California recently passed legislation stating that they are a sanctuary state for illegal immigrants. This means they allow illegal aliens into California and our union, and they do not require them to go through any background checks.
They are now giving these illegal aliens driver’s licenses, which allows them to register to vote in California. This means California is allowing the election of our President to be influenced by foreigners, while liberals are worried about Russian influence in the previous election. It is very ironic.
California is not the only place that has declared itself a so-called sanctuary for illegal immigrants. States like Maryland, the City of Chicago, and even College Park, just outside of Washington D.C. are also allowing illegals to vote.
Unfortunately, this sanctuary city movement is compromising our very precious system of voting and elections. I have had a few people write to my office stating that we should have a popular vote where the President is elected by the most votes cast and not by the Electoral College that our Founding Fathers established. Election by popular vote was not a good idea back then, and it is not a good idea today.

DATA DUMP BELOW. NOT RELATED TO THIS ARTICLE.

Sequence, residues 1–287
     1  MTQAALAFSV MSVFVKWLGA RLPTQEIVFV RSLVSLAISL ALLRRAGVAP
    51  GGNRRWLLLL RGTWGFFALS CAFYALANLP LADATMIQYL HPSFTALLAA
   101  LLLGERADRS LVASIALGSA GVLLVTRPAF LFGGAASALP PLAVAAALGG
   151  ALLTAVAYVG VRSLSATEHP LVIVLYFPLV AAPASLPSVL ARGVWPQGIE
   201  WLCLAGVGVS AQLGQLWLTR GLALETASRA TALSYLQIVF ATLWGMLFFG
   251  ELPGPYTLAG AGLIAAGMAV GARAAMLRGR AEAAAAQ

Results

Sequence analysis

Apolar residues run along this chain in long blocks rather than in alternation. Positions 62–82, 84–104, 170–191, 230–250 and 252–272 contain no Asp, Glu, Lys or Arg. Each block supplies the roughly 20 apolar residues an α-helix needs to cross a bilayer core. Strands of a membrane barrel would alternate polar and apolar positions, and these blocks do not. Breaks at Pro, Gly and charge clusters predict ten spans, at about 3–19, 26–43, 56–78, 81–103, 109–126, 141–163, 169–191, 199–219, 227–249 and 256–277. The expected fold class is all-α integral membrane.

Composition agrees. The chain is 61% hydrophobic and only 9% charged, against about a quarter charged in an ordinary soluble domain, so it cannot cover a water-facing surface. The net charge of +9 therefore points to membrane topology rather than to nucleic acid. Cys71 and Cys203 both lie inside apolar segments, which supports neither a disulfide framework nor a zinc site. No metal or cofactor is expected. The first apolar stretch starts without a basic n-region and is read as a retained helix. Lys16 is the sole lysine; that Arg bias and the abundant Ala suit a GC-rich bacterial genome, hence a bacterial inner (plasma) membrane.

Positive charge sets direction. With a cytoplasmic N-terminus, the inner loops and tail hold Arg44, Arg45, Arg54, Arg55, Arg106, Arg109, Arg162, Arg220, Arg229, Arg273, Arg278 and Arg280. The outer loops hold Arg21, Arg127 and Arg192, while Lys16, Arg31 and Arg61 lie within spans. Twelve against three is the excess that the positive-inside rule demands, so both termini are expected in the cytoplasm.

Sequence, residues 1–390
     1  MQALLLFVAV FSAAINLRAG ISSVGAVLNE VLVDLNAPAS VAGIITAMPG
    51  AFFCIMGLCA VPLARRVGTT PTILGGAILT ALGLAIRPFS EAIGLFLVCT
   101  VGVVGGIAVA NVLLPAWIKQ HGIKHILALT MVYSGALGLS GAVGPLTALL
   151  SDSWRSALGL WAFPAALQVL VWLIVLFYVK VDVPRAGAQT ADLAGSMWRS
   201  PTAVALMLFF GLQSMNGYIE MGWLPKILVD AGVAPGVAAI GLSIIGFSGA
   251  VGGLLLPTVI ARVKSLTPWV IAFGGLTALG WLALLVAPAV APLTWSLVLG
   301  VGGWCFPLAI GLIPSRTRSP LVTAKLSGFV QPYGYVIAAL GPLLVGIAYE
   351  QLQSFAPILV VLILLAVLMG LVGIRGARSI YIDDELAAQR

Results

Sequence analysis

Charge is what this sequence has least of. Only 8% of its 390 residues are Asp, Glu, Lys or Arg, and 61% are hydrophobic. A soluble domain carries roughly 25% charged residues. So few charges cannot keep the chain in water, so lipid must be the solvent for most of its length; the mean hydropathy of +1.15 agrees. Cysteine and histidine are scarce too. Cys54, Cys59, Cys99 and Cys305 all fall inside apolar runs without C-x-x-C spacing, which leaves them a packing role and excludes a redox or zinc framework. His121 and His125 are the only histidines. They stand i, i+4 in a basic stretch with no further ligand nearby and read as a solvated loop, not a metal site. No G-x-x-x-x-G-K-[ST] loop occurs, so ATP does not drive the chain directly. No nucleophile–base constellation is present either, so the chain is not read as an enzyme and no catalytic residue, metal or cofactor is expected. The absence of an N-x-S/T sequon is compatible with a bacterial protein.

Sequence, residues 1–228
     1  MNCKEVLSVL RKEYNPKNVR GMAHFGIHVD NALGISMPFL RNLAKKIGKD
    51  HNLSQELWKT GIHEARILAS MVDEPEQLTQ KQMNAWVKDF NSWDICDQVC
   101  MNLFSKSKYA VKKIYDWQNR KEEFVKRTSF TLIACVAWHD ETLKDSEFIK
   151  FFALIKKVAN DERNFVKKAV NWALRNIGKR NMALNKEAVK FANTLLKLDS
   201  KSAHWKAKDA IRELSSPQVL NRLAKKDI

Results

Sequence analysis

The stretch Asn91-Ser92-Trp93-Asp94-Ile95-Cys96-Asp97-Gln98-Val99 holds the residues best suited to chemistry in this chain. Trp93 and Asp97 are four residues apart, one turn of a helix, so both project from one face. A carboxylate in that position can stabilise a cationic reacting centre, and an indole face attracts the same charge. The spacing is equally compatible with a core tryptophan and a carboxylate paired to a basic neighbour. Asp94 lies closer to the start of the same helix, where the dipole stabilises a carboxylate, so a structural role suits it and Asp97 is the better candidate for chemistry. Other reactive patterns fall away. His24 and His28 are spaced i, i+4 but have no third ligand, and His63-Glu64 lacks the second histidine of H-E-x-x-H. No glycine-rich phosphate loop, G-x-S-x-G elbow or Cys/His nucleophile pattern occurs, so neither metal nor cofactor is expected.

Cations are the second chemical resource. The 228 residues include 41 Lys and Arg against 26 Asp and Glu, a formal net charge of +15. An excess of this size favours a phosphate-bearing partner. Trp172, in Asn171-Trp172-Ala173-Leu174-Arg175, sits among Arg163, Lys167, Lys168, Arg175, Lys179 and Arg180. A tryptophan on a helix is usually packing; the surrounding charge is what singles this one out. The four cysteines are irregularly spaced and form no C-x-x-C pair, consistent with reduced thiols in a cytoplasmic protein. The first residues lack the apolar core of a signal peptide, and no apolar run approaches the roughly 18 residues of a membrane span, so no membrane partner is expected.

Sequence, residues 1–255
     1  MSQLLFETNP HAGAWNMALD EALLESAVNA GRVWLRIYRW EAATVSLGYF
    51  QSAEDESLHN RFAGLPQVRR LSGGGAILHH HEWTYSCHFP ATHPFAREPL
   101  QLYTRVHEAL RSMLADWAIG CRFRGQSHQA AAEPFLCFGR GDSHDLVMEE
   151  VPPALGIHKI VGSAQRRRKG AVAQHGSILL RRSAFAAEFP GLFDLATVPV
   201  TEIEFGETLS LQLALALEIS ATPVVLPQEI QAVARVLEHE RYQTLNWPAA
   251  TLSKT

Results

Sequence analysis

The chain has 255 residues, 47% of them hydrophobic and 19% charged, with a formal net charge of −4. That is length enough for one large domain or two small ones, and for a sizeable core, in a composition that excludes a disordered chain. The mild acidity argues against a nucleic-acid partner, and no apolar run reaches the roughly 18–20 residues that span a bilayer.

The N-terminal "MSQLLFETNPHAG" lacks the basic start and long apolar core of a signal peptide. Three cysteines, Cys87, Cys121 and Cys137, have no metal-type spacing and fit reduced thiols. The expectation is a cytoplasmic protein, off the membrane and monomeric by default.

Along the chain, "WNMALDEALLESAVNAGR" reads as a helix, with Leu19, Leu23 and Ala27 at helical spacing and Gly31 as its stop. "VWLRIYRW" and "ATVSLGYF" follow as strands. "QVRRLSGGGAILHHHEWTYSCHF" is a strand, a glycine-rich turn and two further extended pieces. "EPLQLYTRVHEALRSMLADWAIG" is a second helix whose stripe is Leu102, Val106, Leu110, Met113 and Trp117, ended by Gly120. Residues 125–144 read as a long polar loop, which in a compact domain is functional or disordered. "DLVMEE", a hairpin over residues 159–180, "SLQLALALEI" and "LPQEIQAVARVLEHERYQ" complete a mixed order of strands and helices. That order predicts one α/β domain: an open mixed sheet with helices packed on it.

It is not that I am against immigrants. My grandfather came here legally from Italy, and it took him seven years to save up enough money to bring my grandmother over to America on a boat in the 1920s.
I am all for immigration, but it must be legal immigration where they learn about our country and our system of government. Most importantly, we should learn about them through background checks and maybe even a waiting period. The liberals talk about background checks and waiting periods all the time for guns. How about they stop letting illegals into our union to vote and background check them!
This is why I have co-sponsored House Bill 179, which would prohibit sanctuary cities in Ohio.
Nino Vitale (R-Urbana) is the State Representative for the 85th House District, which includes all of Champaign and parts of Shelby and Logan counties. He can be emailed at [email protected] or reached by phone at (614) 466-1507 or (800) 282-0253.